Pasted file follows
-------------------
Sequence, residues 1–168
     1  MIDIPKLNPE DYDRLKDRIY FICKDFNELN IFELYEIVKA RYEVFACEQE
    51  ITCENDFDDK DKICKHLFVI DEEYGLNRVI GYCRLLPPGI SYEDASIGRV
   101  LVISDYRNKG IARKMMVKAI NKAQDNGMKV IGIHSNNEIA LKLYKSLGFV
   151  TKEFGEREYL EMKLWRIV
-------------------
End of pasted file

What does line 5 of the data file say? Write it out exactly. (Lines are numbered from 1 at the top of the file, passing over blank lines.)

   151  TKEFGEREYL EMKLWRIV